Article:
I never really was an Apple fanboy, or understood the fascination with Mac computers, but I have owned an iPhone since version 3. However, I have to say that my recent investment in a pair of AirPods has already paid off in droves. I bought them on the first day of this forced work-from-home experiment, of which I am now at day 30 (not that I am counting). Wearing the AirPods allow me to multitask and freely walk around the house during my many, many, many phone calls. Plus I never knew how much I like to parade around as I was normally confined with a cord or could not swing my arms. Now my wife says I have two styles: old man calmly browsing the museum or locked up tiger restlessly pacing in a cage.
But during my many calls with clients and coworkers, we have shared our miseries of working from home. Besides the constant household distractions, the biggest complaint has been communicating and how it is harder and takes much more time than before. Humans are not meant to social distance, but rather we thrive on personal connections. What would normally be a 30 second chat by sticking my head into someone’s office, now requires a phone call, text or chat message, taking much longer.
I let my inquisitive engineering brain get away from me and started looking at some analytics, comparing the past 30 days to a few prior 30 day periods.
- Company wide, incoming and outgoing email traffic is up 38%. I suspect it is because we are using email as chats, verse sending a succinct message. Additionally, every company is using COVID-19 or the CARES Act to advertise, of which my company is also guilty. But do I really need a pet food company telling me how long to wash my hands? Or an alien abduction insurance company providing guidance on the Paycheck Protection Program?
- Company wide phone calls, of which we use Nextiva, a VOIP system that allowed staff to take their phones home, is down roughly 25%, however interestingly talk time is up 200%?! I believe the calls are down just due to the disruption of the flow of business, but also due to cell phone usage. Then the increased talk time is the time staff would normally be collaborating face to face.
- As for my cell phone, thankfully I have an unlimited plan! I have had a 134% increase in the number of calls, a 268% increase of talk time and 182% increase of text messages! Meanwhile data usage is down well over 50%, primarily due to being connected to my home wireless internet. But substantially more time has been spent talking to and looking at a rectangular piece of glass. But I have to admit,, I do enjoy the human contact and hearing everyone’s take on the current state of things.
So, thanks to technology we have quickly adapted, but at a cost of our most valuable resource, time. Plus it should be noted that with a multi-generational workforce, this technology is not one size fits all, but rather each generation generally has a preferences for a specific type of remote communication. Fortunately I am a Xennial, meaning I had an analog childhood and a digital adulthood, so I guess you can call me The Great Communicator! (Psst, that was one of Ronald Reagan’s nicknames for you Millennial’s playing from home on your smart phone).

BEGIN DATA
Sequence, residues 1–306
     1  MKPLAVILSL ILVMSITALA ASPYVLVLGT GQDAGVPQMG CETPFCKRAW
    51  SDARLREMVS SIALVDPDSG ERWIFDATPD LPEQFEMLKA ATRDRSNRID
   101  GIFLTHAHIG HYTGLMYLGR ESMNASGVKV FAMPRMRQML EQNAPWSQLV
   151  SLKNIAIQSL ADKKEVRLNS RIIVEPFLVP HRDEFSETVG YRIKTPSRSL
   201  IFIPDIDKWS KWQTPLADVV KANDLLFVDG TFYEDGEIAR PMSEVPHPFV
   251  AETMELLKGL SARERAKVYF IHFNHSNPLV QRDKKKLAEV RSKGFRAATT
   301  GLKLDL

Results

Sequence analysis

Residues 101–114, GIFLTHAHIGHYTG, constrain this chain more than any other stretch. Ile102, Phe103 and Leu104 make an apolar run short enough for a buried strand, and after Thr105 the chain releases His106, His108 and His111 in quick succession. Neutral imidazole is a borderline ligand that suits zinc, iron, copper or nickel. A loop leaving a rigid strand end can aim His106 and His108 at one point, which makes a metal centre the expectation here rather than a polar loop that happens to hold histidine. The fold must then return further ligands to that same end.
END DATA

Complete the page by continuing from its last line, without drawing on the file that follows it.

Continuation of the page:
Video chat aside (which is another tirade on its own), one thing that we lack with remote communication is body language, which is just as critical, if not more, than verbal language. You’ve heard the saying actions speak louder than words. The unconscious observation of someone’s body language and gestures is a much more accurate way to judge the meaning of the words being used. Not to mention the important role that body language plays in non-verbal social cues. A clear-cut example of this is experienced in the new onslaught of conference calls, in which people often end up talking over each other as there is no visual cue to let you know when to speak. You have all experienced it and it is actually quite comical. Two people start talking, then both stop and say “no, you go” and then they both starting talking again, but this time even louder and with more confidence that they have the floor. The current record is 11 seconds, until one of them finally yielded.
As romantic as working from home sounded, I am ready to go back to the office. I miss my coworkers, the ease of collaboration and the casual chats around the bottleless water cooler. I do think there could be a happy medium where we can split time, i.e, working from home on individual production, while going into the office to collaborate and fraternize, with more time spent doing the latter. The world is going through a major paradigm shift on all levels, which will be more and more evident in the years to come.
But through all of this, I will concede that there are some positives. First, the additional time we spend on devices communicating is definitely offset by the fact we can roll out of bed and are at already work, or if you are sophisticated like me, you take the extra minute to take off your nighttime pajamas and put on some fresh daytime pajamas. But no more time wasted on the road, putting your life at risk, not to mention saving money on gas. Additionally, my weekly laundry looks more like the dirty clothes I bring back from a beach vacation, few pair of shorts and a bunch of t-shirts, with that one random sock. Then finally, while my two young boys do not quite understand why their daily routine has been upended, there is something very special about this new routine and all the time they get to spend with mommy and daddy, of which looking back years to come will be priceless. Now only if the ruthless ice cream man would stop his new daily route and start working from home! But it is hard to argue with that American ingenuity, making the best of every situation, which in the end, is what is going to get us all through this!